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What Is a Micro Solenoid?

A micro solenoid is a miniature electromagnetic actuator that converts electrical energy into precise linear motion. It's essential in medical devices, locking mechanisms, and robotics, offering control with remarkable accuracy. These tiny powerhouses are marvels of modern engineering, seamlessly integrating into compact spaces. Intrigued by how these small components make a big impact? Let's examine their role in technology's evolution.
Paul Reed
Paul Reed

A micro solenoid is an electronically controlled valve that either is very small or can control very small amounts of fluid. Valves that have been miniaturized in size to micro-scale are useful in medical devices. On a slightly larger scale, small solenoid valves can be designed to control extremely small quantities of fluids. These valves are useful in medical dispensing or laboratory analytical equipment requiring micro-quantities of medicines or reagents.

Miniature solenoids were developed in the late 20th century to support growing interest in implantable or portable dispensing equipment. Patients undergoing chemical treatment often require continuous low-quantity drug delivery. This treatment may be continued outside of a hospital or medical facility to promote well-being. A micro solenoid delivery system links the control valves to a microprocessor to deliver the drug therapy at a prescribed rate. Batteries can operate the system because the micro solenoid requires very little power.

On a slightly larger scale, solenoid valves can be designed to control quantities of fluids.
On a slightly larger scale, solenoid valves can be designed to control quantities of fluids.

Control of small quantities of fluids is used for in-room medical supply equipment, in air control systems and in pilot plant operations for small-scale manufacturing. A room delivery system can provide small quantities of drugs similar to a portable system, with a power cord supplying electricity. Air control using micro solenoids has been used in movable, or articulating, artificial limbs. Similar air-controlled valves can be used for chemical delivery to pilot plant operations.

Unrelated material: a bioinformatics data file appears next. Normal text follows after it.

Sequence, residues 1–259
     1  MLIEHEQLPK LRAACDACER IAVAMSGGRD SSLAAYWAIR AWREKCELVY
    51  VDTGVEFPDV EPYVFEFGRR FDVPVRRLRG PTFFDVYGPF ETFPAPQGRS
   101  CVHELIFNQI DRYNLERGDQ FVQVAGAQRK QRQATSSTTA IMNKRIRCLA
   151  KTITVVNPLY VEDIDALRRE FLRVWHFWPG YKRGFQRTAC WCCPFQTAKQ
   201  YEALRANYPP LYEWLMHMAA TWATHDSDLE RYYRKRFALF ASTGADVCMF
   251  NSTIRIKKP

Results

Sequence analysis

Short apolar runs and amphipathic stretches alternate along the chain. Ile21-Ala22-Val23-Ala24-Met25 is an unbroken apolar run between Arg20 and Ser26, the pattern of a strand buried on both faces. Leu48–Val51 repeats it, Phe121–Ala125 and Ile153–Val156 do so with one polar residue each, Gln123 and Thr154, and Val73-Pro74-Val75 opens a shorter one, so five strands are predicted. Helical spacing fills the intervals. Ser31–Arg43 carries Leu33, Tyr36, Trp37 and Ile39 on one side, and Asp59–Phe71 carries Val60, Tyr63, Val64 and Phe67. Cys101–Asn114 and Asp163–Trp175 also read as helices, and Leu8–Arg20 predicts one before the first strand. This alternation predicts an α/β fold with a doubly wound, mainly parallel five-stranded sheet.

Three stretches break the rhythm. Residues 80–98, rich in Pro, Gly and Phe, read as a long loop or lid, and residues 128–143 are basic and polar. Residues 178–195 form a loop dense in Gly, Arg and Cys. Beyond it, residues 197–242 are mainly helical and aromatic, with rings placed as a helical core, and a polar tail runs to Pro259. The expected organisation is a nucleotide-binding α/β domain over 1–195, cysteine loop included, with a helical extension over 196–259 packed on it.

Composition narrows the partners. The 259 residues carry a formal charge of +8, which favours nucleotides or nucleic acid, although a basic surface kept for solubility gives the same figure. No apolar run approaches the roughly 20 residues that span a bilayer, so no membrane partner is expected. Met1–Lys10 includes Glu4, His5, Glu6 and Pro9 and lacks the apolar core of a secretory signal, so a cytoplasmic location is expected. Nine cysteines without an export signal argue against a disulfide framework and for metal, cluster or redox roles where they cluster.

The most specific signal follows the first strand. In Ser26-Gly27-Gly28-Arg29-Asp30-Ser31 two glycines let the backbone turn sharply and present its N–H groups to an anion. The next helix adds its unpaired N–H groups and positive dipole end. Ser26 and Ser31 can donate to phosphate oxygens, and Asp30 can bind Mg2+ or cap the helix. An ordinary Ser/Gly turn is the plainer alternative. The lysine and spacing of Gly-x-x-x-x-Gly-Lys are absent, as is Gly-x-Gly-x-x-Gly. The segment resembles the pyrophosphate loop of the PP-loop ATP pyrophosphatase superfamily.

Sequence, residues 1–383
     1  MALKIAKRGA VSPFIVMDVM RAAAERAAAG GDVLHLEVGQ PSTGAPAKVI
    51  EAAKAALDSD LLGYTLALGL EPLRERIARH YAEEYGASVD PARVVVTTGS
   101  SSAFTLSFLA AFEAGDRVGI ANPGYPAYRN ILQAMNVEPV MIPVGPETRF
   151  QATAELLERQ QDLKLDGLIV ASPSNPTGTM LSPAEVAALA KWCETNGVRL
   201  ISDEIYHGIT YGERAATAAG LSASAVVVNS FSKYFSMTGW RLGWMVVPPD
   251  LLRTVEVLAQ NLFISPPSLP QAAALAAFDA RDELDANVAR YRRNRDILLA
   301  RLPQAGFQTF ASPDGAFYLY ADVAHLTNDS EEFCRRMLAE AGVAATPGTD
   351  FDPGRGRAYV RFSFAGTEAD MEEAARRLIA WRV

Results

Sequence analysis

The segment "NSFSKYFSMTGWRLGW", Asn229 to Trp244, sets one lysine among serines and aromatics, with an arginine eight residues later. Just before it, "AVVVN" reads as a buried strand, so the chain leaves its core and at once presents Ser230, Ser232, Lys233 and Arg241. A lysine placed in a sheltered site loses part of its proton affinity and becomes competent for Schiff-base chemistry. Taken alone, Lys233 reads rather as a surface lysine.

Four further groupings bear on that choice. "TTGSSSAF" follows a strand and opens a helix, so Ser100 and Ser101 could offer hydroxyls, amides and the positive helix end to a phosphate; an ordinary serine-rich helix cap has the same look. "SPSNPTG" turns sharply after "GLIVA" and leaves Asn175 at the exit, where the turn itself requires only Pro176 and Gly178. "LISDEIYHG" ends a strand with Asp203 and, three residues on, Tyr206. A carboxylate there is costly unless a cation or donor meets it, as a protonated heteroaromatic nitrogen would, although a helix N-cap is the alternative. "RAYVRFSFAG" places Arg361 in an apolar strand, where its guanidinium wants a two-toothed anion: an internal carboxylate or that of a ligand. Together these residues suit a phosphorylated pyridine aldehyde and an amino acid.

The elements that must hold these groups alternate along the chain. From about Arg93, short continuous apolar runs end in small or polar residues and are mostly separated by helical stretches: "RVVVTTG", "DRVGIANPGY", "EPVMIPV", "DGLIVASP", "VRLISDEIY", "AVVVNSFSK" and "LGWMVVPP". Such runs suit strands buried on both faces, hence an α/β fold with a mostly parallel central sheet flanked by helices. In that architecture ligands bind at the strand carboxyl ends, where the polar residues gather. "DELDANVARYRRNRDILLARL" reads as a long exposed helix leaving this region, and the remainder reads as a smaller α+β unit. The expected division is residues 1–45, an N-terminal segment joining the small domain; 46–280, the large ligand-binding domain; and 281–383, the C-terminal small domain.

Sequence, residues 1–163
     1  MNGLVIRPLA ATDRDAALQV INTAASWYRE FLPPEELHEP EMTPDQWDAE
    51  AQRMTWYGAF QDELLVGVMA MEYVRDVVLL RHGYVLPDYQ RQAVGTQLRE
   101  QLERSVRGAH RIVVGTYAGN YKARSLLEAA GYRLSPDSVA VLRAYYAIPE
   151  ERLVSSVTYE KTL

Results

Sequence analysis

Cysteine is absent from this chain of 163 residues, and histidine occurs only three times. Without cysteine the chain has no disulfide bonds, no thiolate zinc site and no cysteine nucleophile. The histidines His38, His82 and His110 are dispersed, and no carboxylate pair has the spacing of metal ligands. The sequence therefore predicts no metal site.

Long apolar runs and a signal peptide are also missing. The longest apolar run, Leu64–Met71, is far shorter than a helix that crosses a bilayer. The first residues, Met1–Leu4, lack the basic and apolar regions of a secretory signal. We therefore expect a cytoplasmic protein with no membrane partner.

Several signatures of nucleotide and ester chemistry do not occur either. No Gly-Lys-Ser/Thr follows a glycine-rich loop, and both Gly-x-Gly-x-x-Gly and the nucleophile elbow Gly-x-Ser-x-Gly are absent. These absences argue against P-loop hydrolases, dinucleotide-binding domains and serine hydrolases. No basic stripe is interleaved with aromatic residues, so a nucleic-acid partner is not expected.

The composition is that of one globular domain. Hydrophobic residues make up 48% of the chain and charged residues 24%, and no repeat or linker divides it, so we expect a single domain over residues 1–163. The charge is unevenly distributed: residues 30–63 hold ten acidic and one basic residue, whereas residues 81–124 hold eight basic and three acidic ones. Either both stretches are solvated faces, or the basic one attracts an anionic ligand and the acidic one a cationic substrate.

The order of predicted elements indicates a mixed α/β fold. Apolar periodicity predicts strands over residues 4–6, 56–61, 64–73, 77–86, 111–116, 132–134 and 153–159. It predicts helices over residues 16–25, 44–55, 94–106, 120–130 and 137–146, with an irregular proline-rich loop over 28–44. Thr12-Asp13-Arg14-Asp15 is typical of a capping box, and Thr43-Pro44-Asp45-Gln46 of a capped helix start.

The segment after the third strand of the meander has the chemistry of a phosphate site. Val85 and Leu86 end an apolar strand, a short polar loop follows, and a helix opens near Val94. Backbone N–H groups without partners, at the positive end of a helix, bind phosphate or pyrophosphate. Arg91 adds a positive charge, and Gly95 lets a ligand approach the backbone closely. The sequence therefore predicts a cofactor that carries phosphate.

Another common use of a micro solenoid is in laboratory analytical equipment. Liquid and gas chromatography and other devices use very small quantities of reagents and fluids being tested. Early versions of these machines required technicians to manually add these materials as needed. An interest in automation has resulted in machines that are programmed to add chemicals using solenoid valves. These automatic testing systems are dependable and provide reliable and reproducible test results.

This technology can be used for turning fluid flows on or off as well as controlling them. Some medical devices require rapid start and stop controls, perhaps for drug delivery, to control a micro-pump, or to act as an emergency stop. A micro solenoid shows excellent high-speed reaction time and can be used as a pinch valve for plastic tubing or a stop valve for gases or liquids.

Aerospace research is another are where micro solenoids are used. Pulse motors provide thrust to missiles and rockets by supplying fuel in a rapid series of pulses, creating a repeating detonation. Micro solenoids have been shown to work at the 100-plus cycles per second or higher frequencies that pulse motors require. Testing has also shown micro solenoids to have lifetimes of millions of open and close cycles, which provides excellent durability and reliability.

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    • On a slightly larger scale, solenoid valves can be designed to control quantities of fluids.
      By: emel82
      On a slightly larger scale, solenoid valves can be designed to control quantities of fluids.